Just came across this, and thought I would share some code I modified to run on a PAC many years ago that I’ve been using for astronomical clock use. The math doesn’t seem to be too much for the PAC. I don’t remember how accurate it is, but I use it for turning off and on lights and it works great for that and it’s more reliable than photo cells.

I have this running in a subroutine with the following parameters:

fLatitude - The Latitude where you want the sunrise/sunset time.
fLongitude
nDayOfYear - The number of days since 12/31 last year (So Jan 1 = 1 and Feb 1 = 32, etc.)
fUTCOffset - Adjust the result into the local time zone
nSunset - This is the output in seconds since midnight for sunset
nSunrise - This is the output in seconds since midnight for sunrise

The rest are all local subroutine variables.

The code:


//Calculate Sunset given the latitude, longitude and day of year
//Adapted from http://williams.best.vwh.net/sunrise_sunset_algorithm.htm
//which came from the Almanac for Computers, 1990 USNO
//Define Pi and Degree and Radian conversion factors.
fPi = 3.14159265;
fDegToRad = .0174532925;
fRadToDeg = 57.2957795;
//Define Zenith (official sunset zenith)
fZenith = 90.83;




//Get the Longitude Hour
fLngHour = fLongitude / 15.0;


//Calculate an approximate sunset time for the longitude
fApproxTime = nDayOfYear + ((18.0 - fLngHour)/24.0);


//Sun Mean Anomaly
fSunMeanAnomaly = (.9856 * fApproxTime) - 3.289;


//Sun True Longitude
fSunTrueLongitude = fSunMeanAnomaly + (1.916 * Sine(fSunMeanAnomaly * fDegToRad)) + (.02 * Sine(2 * fSunMeanAnomaly * fDegToRad)) + 282.634;


//Make sure fSunTrueLongitude is between 0 and 360, adjust by 360.
if (fSunTrueLongitude>360.0) then
  fSunTrueLongitude = fSunTrueLongitude - 360.0;
elseif (fSunTrueLongitude < 0.0) then
  fSunTrueLongitude = fSunTrueLongitude + 360.0;
endif


//Sun Right Ascension (RA)
fSunRightAscension = Arctangent(0.91764 * Tangent(fSunTrueLongitude * fDegToRad)) * fRadToDeg + 360;
//Make sure fSunRightAscension is between 0 and 360, adjust by 360
if (fSunRightAscension>360.0) then
  fSunRightAscension = fSunRightAscension - 360.0;
elseif (fSunRightAscension < 0.0) then
  fSunRightAscension = fSunRightAscension + 360.0;
endif


//Put RA and L in the same quadrant
fSunTrueLongitudeQuadrant = Truncate(fSunTrueLongitude / 90.0) * 90.0;
fSunRAQuadrant = Truncate(fSunRightAscension / 90.0) * 90.0;


fSunRightAscension = fSunRightAscension + fSunTrueLongitudeQuadrant - fSunRAQuadrant;


//RA converted to Hours
fSunRAHours = fSunRightAscension / 15.0;


//Calc suns Declination
fSunSinDeclination = 0.39782 * Sine(fSunTrueLongitude * fDegToRad);
fSunCosDeclination = Cosine(Arcsine(fSunSinDeclination));




//Calc suns local hour angle
fSunLocalHourAngle = (Cosine(fZenith * fDegToRad) - (fSunSinDeclination * Sine(fLatitude * fDegToRad))) / (fSunCosDeclination * Cosine(fLatitude * fDegToRad));


if (fSunLocalHourAngle < -1.0) then //Check if the sun never sets on this date
  nSunset=-1; //No sunset
else
  fSunH = Arccosine(fSunLocalHourAngle) * fRadToDeg / 15.0;
  fLocalMeanTime = fSunH + fSunRAHours - (0.06571 * fApproxTime) - 6.622;
  fUTCTime = fLocalMeanTime - fLngHour;
  fSunsetTime = fUTCTime + fUTCOffset;
  //Adjust to be within 0 and 24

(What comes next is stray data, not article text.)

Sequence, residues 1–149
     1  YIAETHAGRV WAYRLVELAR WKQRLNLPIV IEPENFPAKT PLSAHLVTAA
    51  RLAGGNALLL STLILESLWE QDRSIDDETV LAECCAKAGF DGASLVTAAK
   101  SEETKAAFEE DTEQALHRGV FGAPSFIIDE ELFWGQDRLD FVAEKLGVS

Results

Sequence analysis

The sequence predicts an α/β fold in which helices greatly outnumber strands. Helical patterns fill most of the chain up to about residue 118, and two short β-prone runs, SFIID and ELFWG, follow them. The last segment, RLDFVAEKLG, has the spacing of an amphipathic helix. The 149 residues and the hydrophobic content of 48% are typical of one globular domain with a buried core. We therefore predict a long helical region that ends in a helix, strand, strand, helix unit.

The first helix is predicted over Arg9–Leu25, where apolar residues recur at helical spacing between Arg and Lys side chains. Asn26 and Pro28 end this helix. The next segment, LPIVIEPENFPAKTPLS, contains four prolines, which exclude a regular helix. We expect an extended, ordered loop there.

if (fSunsetTime > 24.0) then
    fSunsetTime = fSunsetTime - 24.0;
  elseif (fSunsetTime < 0.0) then
    fSunsetTime = fSunsetTime + 24.0;
  endif
  nSunset = fSunsetTime * 3600;  //Put the result in seconds since midnight;
endif






/////////////Sunrise//////////////






//Calculate an approximate sunrise time for the longitude
fApproxTime = nDayOfYear + ((6.0 - fLngHour)/24.0);


//Sun Mean Anomaly
fSunMeanAnomaly = (.9856 * fApproxTime) - 3.289;


//Sun True Longitude
fSunTrueLongitude = fSunMeanAnomaly + (1.916 * Sine(fSunMeanAnomaly * fDegToRad)) + (.02 * Sine(2 * fSunMeanAnomaly * fDegToRad)) + 282.634;


//Make sure fSunTrueLongitude is between 0 and 360, adjust by 360.
if (fSunTrueLongitude>360.0) then
  fSunTrueLongitude = fSunTrueLongitude - 360.0;
elseif (fSunTrueLongitude < 0.0) then
  fSunTrueLongitude = fSunTrueLongitude + 360.0;
endif


//Sun Right Ascension (RA)
fSunRightAscension = Arctangent(0.91764 * Tangent(fSunTrueLongitude * fDegToRad)) * fRadToDeg + 360;
//Make sure fSunRightAscension is between 0 and 360, adjust by 360
if (fSunRightAscension>360.0) then
  fSunRightAscension = fSunRightAscension - 360.0;
elseif (fSunRightAscension < 0.0) then
  fSunRightAscension = fSunRightAscension + 360.0;
endif


//Put RA and L in the same quadrant
fSunTrueLongitudeQuadrant = Truncate(fSunTrueLongitude / 90.0) * 90.0;
fSunRAQuadrant = Truncate(fSunRightAscension / 90.0) * 90.0;


fSunRightAscension = fSunRightAscension + fSunTrueLongitudeQuadrant - fSunRAQuadrant;


//RA converted to Hours
fSunRAHours = fSunRightAscension / 15.0;


//Calc suns Declination
fSunSinDeclination = 0.39782 * Sine(fSunTrueLongitude * fDegToRad);
fSunCosDeclination = Cosine(Arcsine(fSunSinDeclination));




//Calc suns local hour angle
fSunLocalHourAngle = (Cosine(fZenith * fDegToRad) - (fSunSinDeclination * Sine(fLatitude * fDegToRad))) / (fSunCosDeclination * Cosine(fLatitude * fDegToRad));


if (fSunLocalHourAngle > 1.0) then //Check if the sun never rises on this date
  nSunrise=-1; //No sunrise
else
  fSunH = (360 - Arccosine(fSunLocalHourAngle) * fRadToDeg) / 15.0;
  fLocalMeanTime = fSunH + fSunRAHours - (0.06571 * fApproxTime) - 6.622;
  fUTCTime = fLocalMeanTime - fLngHour;
  fSunriseTime = fUTCTime + fUTCOffset;
  //Adjust to be within 0 and 24
  if (fSunriseTime > 24.0) then
    fSunriseTime = fSunriseTime - 24.0;
  elseif (fSunriseTime < 0.0) then
    fSunriseTime = fSunriseTime + 24.0;
  endif
  nSunrise = fSunriseTime * 3600;  //Put the result in seconds since midnight;
endif

1 Like

Attached the subroutine. It is in 9.0 Basic.

Ha! Proving once again that there is actually life outside of Internet. Instead of struggling with tcp comms handles and 443 errors, just use the good old United States Naval Observatory Basic program from 1990. Nice One Philip and thanks! :cool:

Yep, very nice Phillip… Just one question, how do you calculate the nDayOfYear?

Built-in function: GetJulianDay();